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Both BioMed Realty Trust and Alexandria Real Estate Equities posted strong performances during 2013's first quarter.
San Diego’s home prices are increasing by double-digit percentages — but local professionals say it’s not like the bubble of the early 2000s.
America’s housing market is heating up while some foreign markets are on fire and trying to cool down. This has created an opening for international buyers in the U.S. market, and SDAR’s president said San Diego needs to tap into that foreign dollar.
Reports by Marcus & Millichap and Cassidy Turley say San Diego will continue to have a strong apartment market, but new construction could soften things a bit.
When millennials see what they want, they want more and they want it faster than previous generations did.
A click and a “like” haven’t replaced a telephone call and a handshake, but they have added a new and changing way for Realtors to connect and interact with clients.
The median price of single-family resale homes jumped 19 percent in March from the same time last year, according to the Greater San Diego Association of Realtors (SDAR).
The county’s notices of default decreased in March from February after a steep jump during the prior month.
San Diego County's office and industrial markets continue to improve, and brokers at the local Colliers International office said they are reaping the benefits. “We are clearly in a recovery,” said Jim Spain, Colliers regional managing director, adding that his brokerage is stronger than it has been since 2006.
San Diego County’s average apartment vacancy has changed little over the past six months, but rents have become incrementally more expensive.
Home prices are skyrocketing in North Park, giving investors the advantage and leaving first-time homebuyers in the dust.
Dutch firm Wereldhave appears to have lost more than $110 million in six months on two San Diego high rises. The 376,703-square-foot First Allied Plaza building at 655 W. Broadway has been sold for a reported $140.88 million -- representing a more than $70 million drop from the $212 million figure garnered when the asset was sold in 2007.
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“Optimism” was the byword of a residential real estate roundtable discussion sponsored by the Greater San Diego Association of Realtors last week at The Daily Transcript offices.
Local real estate professionals took a look back on 2013 while predicting what’s to come in 2014 at a recent roundtable discussion hosted by The Daily Transcript. The biggest change for buyers and sellers in 2014 will be the absence of investors come spring, they said.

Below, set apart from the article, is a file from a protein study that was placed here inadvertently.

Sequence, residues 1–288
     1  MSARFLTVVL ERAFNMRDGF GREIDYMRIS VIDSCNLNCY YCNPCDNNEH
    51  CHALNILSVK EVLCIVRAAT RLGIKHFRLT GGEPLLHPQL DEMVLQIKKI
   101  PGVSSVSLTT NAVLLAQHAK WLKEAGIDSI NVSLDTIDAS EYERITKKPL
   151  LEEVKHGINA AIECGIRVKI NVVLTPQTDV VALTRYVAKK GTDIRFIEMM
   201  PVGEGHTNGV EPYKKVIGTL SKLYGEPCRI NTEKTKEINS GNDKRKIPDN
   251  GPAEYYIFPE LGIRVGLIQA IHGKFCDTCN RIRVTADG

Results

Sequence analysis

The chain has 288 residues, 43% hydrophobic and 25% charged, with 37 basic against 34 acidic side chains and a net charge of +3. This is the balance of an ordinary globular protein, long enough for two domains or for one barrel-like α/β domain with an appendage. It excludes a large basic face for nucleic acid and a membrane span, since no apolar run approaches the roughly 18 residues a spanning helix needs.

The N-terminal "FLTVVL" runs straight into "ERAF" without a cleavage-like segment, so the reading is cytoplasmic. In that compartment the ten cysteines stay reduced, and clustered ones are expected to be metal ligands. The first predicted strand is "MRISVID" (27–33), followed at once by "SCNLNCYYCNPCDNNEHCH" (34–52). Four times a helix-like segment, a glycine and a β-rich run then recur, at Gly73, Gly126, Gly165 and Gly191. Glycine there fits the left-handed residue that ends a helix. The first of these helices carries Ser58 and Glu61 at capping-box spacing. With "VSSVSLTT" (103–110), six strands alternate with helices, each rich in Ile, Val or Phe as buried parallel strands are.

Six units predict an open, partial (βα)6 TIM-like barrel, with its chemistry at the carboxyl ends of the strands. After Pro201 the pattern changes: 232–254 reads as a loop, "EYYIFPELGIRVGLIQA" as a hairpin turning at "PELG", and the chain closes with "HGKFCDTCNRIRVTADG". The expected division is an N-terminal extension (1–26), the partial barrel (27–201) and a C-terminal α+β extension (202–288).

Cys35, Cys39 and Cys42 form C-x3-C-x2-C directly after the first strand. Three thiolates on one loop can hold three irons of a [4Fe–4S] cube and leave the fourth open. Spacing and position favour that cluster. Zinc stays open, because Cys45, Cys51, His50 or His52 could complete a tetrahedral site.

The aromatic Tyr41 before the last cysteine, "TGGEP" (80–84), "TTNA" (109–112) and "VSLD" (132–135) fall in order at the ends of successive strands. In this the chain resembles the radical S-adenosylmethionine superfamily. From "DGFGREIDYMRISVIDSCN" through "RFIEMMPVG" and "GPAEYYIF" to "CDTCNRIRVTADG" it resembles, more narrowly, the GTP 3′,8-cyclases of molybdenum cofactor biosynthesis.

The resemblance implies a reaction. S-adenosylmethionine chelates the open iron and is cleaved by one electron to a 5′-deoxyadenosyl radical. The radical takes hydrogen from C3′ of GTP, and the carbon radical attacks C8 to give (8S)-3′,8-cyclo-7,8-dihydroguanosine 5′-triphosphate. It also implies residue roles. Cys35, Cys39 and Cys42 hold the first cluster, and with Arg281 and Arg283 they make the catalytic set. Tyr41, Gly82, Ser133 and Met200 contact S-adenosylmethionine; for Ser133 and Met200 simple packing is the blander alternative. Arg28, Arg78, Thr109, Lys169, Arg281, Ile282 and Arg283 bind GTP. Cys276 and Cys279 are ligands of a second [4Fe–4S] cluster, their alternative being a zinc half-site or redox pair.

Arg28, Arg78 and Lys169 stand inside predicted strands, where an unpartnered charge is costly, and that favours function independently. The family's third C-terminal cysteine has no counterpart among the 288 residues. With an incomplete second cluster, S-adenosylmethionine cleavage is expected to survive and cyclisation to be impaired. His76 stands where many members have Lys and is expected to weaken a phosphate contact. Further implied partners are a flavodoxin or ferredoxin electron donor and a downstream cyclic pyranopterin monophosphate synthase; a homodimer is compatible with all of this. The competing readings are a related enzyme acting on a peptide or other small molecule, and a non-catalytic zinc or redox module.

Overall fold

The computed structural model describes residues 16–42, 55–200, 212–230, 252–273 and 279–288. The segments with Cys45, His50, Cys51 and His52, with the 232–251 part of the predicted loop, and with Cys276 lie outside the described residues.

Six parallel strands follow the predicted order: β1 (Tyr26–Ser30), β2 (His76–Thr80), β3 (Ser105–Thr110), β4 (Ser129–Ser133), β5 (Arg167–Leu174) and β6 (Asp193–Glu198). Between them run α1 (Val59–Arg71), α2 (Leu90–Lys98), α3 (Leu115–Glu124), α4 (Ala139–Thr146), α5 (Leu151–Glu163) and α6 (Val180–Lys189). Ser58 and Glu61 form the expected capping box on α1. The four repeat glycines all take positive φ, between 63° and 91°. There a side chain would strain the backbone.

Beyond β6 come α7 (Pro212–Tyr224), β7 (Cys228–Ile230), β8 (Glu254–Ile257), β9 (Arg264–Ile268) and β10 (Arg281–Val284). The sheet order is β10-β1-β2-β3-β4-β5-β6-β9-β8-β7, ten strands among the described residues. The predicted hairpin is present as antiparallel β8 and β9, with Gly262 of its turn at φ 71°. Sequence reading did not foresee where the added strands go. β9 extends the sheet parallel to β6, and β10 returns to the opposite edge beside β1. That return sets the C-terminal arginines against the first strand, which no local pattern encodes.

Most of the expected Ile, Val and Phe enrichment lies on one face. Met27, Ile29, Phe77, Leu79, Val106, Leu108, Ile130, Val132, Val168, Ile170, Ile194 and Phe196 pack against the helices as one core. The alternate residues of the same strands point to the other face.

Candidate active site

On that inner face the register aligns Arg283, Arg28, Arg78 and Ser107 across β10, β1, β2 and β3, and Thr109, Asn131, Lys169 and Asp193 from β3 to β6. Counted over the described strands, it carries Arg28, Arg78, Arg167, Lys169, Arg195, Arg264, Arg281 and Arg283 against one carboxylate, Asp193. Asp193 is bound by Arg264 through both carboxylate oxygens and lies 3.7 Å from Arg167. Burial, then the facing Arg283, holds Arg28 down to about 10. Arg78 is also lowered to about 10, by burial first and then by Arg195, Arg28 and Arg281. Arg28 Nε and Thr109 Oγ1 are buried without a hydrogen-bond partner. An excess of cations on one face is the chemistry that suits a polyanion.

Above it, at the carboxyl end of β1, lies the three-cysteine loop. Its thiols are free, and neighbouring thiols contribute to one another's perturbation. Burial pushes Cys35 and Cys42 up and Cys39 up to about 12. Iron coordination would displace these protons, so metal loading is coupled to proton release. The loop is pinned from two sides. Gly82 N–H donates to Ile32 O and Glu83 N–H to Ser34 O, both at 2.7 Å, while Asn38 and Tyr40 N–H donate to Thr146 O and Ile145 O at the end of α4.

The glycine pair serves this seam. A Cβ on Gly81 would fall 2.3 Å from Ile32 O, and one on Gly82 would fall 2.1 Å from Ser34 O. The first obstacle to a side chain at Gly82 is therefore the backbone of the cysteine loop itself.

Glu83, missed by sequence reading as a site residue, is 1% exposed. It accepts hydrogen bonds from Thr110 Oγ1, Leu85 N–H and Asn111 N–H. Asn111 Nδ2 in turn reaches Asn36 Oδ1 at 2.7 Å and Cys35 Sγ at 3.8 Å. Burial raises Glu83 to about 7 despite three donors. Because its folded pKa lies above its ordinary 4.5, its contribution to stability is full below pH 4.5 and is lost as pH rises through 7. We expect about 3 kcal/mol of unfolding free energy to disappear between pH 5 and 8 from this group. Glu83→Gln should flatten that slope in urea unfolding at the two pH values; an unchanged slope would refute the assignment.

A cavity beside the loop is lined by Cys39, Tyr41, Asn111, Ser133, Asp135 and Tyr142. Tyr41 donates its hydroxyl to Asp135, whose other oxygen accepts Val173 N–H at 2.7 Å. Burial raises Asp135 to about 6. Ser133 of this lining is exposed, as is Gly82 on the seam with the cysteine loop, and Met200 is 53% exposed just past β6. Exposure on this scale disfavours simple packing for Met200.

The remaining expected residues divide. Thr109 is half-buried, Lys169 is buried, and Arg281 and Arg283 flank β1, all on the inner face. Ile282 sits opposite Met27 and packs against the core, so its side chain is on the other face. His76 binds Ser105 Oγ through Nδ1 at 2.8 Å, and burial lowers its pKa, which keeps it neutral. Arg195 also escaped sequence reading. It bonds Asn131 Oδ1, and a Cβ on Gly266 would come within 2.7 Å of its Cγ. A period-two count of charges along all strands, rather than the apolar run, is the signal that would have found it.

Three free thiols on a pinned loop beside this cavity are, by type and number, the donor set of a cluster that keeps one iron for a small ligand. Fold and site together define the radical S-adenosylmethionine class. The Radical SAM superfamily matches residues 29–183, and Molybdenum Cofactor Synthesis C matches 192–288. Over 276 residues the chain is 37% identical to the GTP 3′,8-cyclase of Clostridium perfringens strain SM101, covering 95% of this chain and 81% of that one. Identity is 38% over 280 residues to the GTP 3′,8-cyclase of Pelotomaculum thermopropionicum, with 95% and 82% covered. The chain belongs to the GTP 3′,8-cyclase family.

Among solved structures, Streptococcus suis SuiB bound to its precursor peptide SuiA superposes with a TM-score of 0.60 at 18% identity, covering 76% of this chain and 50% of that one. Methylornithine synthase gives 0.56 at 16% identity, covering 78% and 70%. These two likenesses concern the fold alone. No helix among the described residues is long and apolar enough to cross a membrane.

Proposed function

Land sales in San Diego’s unincorporated areas indicate a healthy market, while a paradigm shift is causing high-end La Jolla homes to sit on the market.
Low housing inventory seems to be dictating other trends in the market: competition, prices and pocket listings.
The housing market took a turn six months ago with increased demand leading to higher prices and competition for inventory, according to a group of real estate professionals at a roundtable discussion hosted by The Daily Transcript.
Whether it is military downsizing, sequestration or a “fiscal cliff” that is fast approaching, it is already having an impact on commercial real estate.
Underwater borrowers in San Diego County are contributing to pent-up demand resulting from a lack of inventory, which is causing multiple offers on homes and prices to increase slowly, according to local real estate experts at a roundtable discussion hosted by The Daily Transcript and sponsored by the San Diego Association of Realtors.
A limited inventory of houses means the San Diego real estate market can stand to absorb a possible influx of foreclosures, local experts said at recent roundtable discussion at The Daily Transcript sponsored by the San Diego Association of Realtors and North Island Credit Union.
Experts in the residential real estate industry seem to be more upbeat than they were a year ago, but distressed sales and foreclosures continue to drag on the market.
Realtor Ghassan Aboukhater knows how to treat his high-end customers right. The Lebanese native grew up in the hotel business, worked for two Swiss banks, knows several dozen millionaires and billionaires, and speaks French and Arabic.
The current commercial real estate boom has meant good times for builders, developers, buyers and tenants. And lenders are prospering from the turnaround as well. One of the local lenders that has been a consistent supplier of financing is the real estate department of Torrey Pines Bank, which funded $425 million in new loans last year, up from $412 the prior year.
Alex Rojas founded Shore Point Real Estate in February 2012. Opening his own office has allowed Rojas to give back to his Pacific Beach community.
One could say that Tim Wright, senior managing director of HFF in San Diego, has assimilated quite well since coming from the Midwest to Southern California in the late '70s and "feeling like a foreign exchange student" at the University of California, Santa Barbara.
Southern California life may be laid-back, but at the San Diego office of Cresa Corporate Real Estate, the 12 brokers don't do laid-back.
Apr. 10, 2014 -- George Chamberlin and Leslie Kilpatrick, president of the Greater San Diego Association of Realtors, discuss recent jumps in home sales and prices. Also, Greg Stein of Millennium Laboratories introduces an effort to help home sellers secure their prescription medications before allowing buyers into their homes.
April 3, 2014 -- George Chamberlin speaks with Joel Singer, CEO of the California Association of Realtors, who provided the keynote speech at the North San Diego County Association of Realtors' Conversations 2014 Real Estate Summit. Singer discusses the business of real estate and current market conditions.